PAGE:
light


From The Collaborative International Dictionary of English v.0.48:

Light \Light\ (l[imac]t), n. [OE. light, liht, AS. le['i]ht;
   akin to OS. lioht, D. & G. licht, OHG. lioht, Goth.
   liuha[thorn], Icel. lj[=o]s, L. lux light, lucere to shine,
   Gr. leyko`s white, Skr. ruc to shine. [root]122. Cf. Lucid,
   Lunar, Luminous, Lynx.]
   1. That agent, force, or action in nature by the operation of
      which upon the organs of sight, objects are rendered
      visible or luminous.
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   Note: Light was regarded formerly as consisting of material
         particles, or corpuscules, sent off in all directions
         from luminous bodies, and traversing space, in right
         lines, with the known velocity of about 186,300 miles
         per second; but it is now generally understood to
         consist, not in any actual transmission of particles or
         substance, but in the propagation of vibrations or
         undulations in a subtile, elastic medium, or ether,
         assumed to pervade all space, and to be thus set in
         vibratory motion by the action of luminous bodies, as
         the atmosphere is by sonorous bodies. This view of the
         nature of light is known as the undulatory or wave
         theory; the other, advocated by Newton (but long since
         abandoned), as the corpuscular, emission, or Newtonian
         theory. A more recent theory makes light to consist in
         electrical oscillations, and is known as the
         electro-magnetic theory of light.
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   2. That which furnishes, or is a source of, light, as the
      sun, a star, a candle, a lighthouse, etc.
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            Then he called for a light, and sprang in. --Acts
                                                  xvi. 29.
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            And God made two great lights; the greater light to
            rule the day, and the lesser light to rule the
            night.                                --Gen. i. 16.
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   3. The time during which the light of the sun is visible;
      day; especially, the dawn of day.
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            The murderer, rising with the light, killeth the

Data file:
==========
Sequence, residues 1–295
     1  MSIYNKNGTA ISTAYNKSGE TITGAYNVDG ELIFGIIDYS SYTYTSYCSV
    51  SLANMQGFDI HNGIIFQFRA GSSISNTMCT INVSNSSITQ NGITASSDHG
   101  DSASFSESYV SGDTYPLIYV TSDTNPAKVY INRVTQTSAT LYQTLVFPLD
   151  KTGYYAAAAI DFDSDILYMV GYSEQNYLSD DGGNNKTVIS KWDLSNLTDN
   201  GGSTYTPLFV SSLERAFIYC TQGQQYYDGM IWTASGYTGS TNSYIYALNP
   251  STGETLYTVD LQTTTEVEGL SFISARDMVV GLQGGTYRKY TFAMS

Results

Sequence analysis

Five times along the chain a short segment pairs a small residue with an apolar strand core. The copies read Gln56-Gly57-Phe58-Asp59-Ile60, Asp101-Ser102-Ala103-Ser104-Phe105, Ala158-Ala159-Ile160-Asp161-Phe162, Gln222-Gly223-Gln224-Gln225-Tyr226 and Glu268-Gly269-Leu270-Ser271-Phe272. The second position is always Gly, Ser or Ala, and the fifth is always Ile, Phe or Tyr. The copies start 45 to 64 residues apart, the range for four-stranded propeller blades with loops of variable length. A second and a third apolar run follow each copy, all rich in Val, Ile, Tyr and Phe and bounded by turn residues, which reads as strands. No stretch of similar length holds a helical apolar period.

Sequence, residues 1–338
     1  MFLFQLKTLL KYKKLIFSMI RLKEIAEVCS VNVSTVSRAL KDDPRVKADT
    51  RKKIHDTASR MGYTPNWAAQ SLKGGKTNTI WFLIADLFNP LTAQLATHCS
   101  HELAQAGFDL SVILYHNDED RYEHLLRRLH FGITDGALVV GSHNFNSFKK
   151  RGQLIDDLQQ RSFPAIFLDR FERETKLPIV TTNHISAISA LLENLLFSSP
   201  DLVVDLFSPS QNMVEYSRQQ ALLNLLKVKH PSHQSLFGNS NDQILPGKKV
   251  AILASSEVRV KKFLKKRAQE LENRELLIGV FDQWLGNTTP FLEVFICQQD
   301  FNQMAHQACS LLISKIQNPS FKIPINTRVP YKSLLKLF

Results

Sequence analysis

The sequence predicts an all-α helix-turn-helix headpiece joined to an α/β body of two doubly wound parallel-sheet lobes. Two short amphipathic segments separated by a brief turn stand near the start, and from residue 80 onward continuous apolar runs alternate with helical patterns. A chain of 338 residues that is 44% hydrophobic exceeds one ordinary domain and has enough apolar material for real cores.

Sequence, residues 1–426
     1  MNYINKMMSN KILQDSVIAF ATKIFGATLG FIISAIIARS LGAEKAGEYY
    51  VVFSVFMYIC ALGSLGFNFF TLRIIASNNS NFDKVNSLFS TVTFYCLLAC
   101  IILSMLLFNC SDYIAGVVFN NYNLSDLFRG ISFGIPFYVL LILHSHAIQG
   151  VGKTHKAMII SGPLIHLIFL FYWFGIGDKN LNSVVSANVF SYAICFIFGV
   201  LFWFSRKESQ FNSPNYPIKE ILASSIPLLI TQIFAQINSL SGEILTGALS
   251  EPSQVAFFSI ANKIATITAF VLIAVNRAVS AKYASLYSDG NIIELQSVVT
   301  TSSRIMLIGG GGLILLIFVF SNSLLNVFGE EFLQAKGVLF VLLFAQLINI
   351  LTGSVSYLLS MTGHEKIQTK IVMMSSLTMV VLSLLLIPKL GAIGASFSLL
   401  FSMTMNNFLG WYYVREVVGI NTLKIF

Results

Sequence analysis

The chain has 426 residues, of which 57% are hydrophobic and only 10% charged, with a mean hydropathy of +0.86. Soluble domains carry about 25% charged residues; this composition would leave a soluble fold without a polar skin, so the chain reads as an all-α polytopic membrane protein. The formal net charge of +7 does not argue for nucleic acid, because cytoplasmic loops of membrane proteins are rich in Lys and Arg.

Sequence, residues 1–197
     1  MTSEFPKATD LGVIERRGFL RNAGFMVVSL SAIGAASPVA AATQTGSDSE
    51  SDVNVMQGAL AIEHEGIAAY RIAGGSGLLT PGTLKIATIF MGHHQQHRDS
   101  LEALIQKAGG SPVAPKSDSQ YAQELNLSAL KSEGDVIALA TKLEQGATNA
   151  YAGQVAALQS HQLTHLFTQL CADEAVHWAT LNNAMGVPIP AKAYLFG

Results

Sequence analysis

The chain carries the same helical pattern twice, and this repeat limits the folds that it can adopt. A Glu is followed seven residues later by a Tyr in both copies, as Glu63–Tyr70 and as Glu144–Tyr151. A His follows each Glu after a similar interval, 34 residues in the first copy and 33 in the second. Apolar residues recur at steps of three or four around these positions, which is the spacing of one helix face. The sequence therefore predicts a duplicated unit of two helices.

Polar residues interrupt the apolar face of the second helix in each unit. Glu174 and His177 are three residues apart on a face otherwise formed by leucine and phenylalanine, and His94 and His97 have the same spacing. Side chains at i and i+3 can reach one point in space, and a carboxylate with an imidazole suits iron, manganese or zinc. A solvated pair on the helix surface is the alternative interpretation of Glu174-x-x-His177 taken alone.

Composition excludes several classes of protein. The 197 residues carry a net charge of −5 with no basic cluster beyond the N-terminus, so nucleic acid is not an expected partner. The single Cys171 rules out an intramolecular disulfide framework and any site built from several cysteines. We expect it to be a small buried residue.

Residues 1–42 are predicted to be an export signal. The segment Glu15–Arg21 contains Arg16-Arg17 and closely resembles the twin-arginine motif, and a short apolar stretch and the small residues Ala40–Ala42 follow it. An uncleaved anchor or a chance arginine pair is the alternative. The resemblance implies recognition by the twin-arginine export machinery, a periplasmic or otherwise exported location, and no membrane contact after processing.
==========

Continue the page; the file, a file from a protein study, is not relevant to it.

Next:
poor and needy.                       --Job xxiv.
                                                  14.
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   4. The brightness of the eye or eyes.
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            He seemed to find his way without his eyes;
            For out o'door he went without their helps,
            And, to the last, bended their light on me. --Shak.
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   5. The medium through which light is admitted, as a window,
      or window pane; a skylight; in architecture, one of the
      compartments of a window made by a mullion or mullions.
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            There were windows in three rows, and light was
            against light in three ranks.         --I Kings
                                                  vii.4.
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   6. Life; existence.
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            O, spring to light, auspicious Babe, be born !
                                                  --Pope.
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   7. Open view; a visible state or condition; public
      observation; publicity.
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            The duke yet would have dark deeds darkly answered;
            he would never bring them to light.   --Shak.
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   8. The power of perception by vision.
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            My strength faileth me; as for the light of my eyes,
            it also is gone from me.              --Ps. xxxviii.
                                                  10.
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   9. That which illumines or makes clear to the mind; mental or
      spiritual illumination; enlightenment; knowledge;
      information.
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            He shall never know
            That I had any light of this from thee. --Shak.
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   10. Prosperity; happiness; joy; felicity.
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             Then shall thy light break forth as the morning,
             and thy health shall spring forth speedily. --Is.
                                                  lviii. 8.
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   11. (Paint.) The manner in which the light strikes upon a
       picture; that part of a picture which represents those
       objects upon which the light is supposed to fall; the
       more illuminated part of a landscape or other scene; --
       opposed to shade. Cf. Chiaroscuro.
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   12. Appearance due to the particular facts and circumstances
       presented to view; point of view; as, to state things
       fairly and put them in the right light.
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             Frequent consideration of a thing . . . shows it in
             its several lights and various ways of appearance.
                                                  --South.
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   13. One who is conspicuous or noteworthy; a model or example;
       as, the lights of the age or of antiquity.
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             Joan of Arc,